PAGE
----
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Of Whoring And Waiting: The Sages And Cages Of Kamathipura

A 2019 raid rescuing 141 girls held behind trap doors and steel cages raised a poignant question—how long will art continue imitating life?

Of Whoring and Waiting
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I was drawn towards Kamathipura, curious and enthused with an academic idealism and naïveté, proceeding with an assurance to find enough contentions necessary for a graduation thesis in architecture with social justice as premise. This very assurance stemmed from my cinematic perception of the infamous neighbourhood, even before laying foot on my assumed potential ground, only to find that I was not the first or the last to arrive at its threshold, seeking.

A familiar Kamathipura featured in the 2018 Mrunal Thakur starrer, Love, Sonia, with brothels thriving on trafficking young women from rural hinterlands, tricked through promises of lucrative employment in the heart of Maximum City. A 2019 raid rescuing 141 girls held behind trap doors and steel cages, raised a poignant question—how long will art continue imitating life?

On my very first visit, I chose to stop at Nagpada junction, deflecting any speculation or even momentary judgement from the cab driver. For these reasons, the proposition of my work was titled Destigmatising Kamathipura, aimed to envision a ‘future perfect’ version, farthest from its singular and skewed public imagination, while giving utmost consideration to the lives that are definitive of its reputation. Sitting back in the cab, looking out towards tall high rises of the island city, I became conscious that the project should not be a cannibalistic undertaking, where it’s flourishing is at the expense of the bodies that bear the brunt of making an often heard “... Mumbai is safer for women than New Delhi, thanks to Kamathipura...” analogy. Much like the bodies with sclerosis who constructed the dreamscape skylines credited to real-estate giants. But now as I think of it in retrospective, ironically, that is exactly how it has always been with every outsider who sought anything from Kamathipura; those coming to it driven by a self-actualising creative urge or a primordial sexual urge. I remember Ganesh Gaitonde’s reference in Vikram Chandra’s novel Sacred Games to Mumbai as a Saatvik city that has only ‘given’. Kamathipura too bears those very attributes; it is Mumbai in a microcosm.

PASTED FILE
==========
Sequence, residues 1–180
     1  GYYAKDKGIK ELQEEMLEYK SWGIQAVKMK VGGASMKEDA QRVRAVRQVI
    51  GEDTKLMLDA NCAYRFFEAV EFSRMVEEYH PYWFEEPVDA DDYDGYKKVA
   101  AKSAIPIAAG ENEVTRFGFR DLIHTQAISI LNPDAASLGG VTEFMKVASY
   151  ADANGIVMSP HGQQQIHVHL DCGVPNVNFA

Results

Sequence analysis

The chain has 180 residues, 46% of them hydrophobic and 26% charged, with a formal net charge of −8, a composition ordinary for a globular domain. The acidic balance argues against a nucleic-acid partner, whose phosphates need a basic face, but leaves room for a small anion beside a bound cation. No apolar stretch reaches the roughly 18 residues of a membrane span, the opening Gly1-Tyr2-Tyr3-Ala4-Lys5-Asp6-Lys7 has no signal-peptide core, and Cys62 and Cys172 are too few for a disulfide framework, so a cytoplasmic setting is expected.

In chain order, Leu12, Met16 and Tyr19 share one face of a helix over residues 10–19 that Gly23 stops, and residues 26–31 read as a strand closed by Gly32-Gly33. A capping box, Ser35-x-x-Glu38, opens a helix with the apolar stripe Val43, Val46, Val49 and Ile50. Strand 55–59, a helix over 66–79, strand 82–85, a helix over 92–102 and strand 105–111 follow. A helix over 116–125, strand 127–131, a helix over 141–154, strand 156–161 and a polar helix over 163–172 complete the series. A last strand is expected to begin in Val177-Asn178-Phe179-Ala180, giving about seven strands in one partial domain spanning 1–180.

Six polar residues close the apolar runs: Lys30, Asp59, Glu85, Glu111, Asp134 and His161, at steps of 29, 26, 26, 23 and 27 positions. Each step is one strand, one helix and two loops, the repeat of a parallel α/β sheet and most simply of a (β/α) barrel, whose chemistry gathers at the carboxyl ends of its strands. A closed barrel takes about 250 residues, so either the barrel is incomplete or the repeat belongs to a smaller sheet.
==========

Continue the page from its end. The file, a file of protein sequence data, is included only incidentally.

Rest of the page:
Landing at the Nagpada junction, I spotted a recent installation of a towering Indian Tricolour—redolent of the 1950s constitutional promises of Justice, Liberty, Equality & Fraternity, and Sahir Ludhianvi’s Jinhe Naaz Hai Hind Par Woh Kahaan Hai? from Guru Dutt’s 1957 movie Pyaasa—hoisted across a street where these very values of sacrosanct enshrinement have always been overlooked by the state and the people. In the 50s, the neighbourhood, though a shred of the British colonial legacy, escaped Morarji Desai’s crackdowns on ‘social vices’ in the city, setting up a precedent that allowed these so-called ‘immoral’ activities to perpetuate unabated till date as a ‘necessary evil’ to maintain the sanity of the large male migrant work force in Mumbai.  As for the passers-by, life goes on, with minuscule engagement from this spooky ‘eye-sore’ of a place. Thus, ignoring it with eyes closed, as if in deep meditative contemplation—is the most effective method to bypass, than confront the societal bias that labels this place as the city’s only vice district, where female autonomy has had an upper hand. Apart from its history of trafficking and violence, Kamathipura has been host to women hailing from far flung areas, granting them safety and anonymity to solicit for their livelihood.

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Poetic license Illustration on a poem by Sahir Ludhianvi by the writer.

To tread such a sensitive subject and diverse territory, there is a range of convenience operational for every outsider, who took both digs and chances to narrate its story. Kamathipura’s reputation has always been, as what was intended by the state—a container of all degenerate influences, a cesspool where all activities deemed immoral were tolerated. The likes of Guru Dutt, Saadat Hasan Manto, Mira Nair and Sahir Ludhianvi, might have disagreed with the ‘cesspool’ attribution, as it was the exact same space, brimming with an undercurrent of ‘interesting’ conflicts and characters that served as inspiration for celluloid, prose & poetry. Or a graduate thesis like mine, chartering into a contested academic venture, in an area where people suffer from ‘research fatigue’ being subjects of numerous studies and documentaries, attracting film-making professionals from as far as Russia and the United Kingdom, to no avail. The only glory derived from such a venture thus is reserved for the artist—the outsider, becoming names to reckon with, while their character inspirations lurk in absentia. In the process, the naïve seekers become the humane among humans back home, to acknowledge and feel for their subjects—the ill-fated downtrodden and the marginal.